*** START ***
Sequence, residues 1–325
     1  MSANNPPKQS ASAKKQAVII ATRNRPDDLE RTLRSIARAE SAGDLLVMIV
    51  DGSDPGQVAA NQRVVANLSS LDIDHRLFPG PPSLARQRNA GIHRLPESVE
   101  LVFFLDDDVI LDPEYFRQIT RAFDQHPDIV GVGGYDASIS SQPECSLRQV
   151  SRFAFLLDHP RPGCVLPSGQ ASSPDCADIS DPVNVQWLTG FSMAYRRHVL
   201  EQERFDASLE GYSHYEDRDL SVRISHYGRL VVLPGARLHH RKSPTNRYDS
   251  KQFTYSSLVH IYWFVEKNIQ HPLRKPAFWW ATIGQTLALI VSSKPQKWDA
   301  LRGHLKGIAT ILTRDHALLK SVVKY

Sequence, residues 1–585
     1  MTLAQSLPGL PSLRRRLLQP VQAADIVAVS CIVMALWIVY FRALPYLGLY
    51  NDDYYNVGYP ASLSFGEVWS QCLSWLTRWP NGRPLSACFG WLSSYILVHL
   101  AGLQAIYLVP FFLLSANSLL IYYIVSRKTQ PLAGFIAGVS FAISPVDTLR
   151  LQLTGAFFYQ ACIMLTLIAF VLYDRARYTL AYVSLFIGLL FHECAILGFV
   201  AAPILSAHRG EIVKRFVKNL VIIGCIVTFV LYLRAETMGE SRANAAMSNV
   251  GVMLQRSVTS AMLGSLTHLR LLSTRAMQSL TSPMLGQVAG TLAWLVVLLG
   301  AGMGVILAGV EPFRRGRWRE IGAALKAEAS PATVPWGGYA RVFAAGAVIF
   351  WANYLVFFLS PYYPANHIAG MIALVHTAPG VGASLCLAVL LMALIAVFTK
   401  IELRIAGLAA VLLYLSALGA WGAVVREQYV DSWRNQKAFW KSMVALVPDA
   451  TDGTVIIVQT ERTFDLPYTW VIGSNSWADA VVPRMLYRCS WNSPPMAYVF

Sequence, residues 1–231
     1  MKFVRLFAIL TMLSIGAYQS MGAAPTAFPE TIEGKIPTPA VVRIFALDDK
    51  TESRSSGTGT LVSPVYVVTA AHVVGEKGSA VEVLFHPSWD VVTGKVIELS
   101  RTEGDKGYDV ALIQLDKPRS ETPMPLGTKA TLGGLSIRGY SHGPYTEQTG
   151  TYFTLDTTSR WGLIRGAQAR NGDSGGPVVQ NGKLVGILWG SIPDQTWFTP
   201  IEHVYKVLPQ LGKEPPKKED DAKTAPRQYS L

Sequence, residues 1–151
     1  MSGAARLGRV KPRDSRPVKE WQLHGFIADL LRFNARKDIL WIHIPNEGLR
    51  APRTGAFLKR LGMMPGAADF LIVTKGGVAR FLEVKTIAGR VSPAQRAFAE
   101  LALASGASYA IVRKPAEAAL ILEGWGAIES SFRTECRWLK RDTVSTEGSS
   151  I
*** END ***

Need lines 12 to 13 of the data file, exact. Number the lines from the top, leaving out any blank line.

   101  AGLQAIYLVP FFLLSANSLL IYYIVSRKTQ PLAGFIAGVS FAISPVDTLR
   151  LQLTGAFFYQ ACIMLTLIAF VLYDRARYTL AYVSLFIGLL FHECAILGFV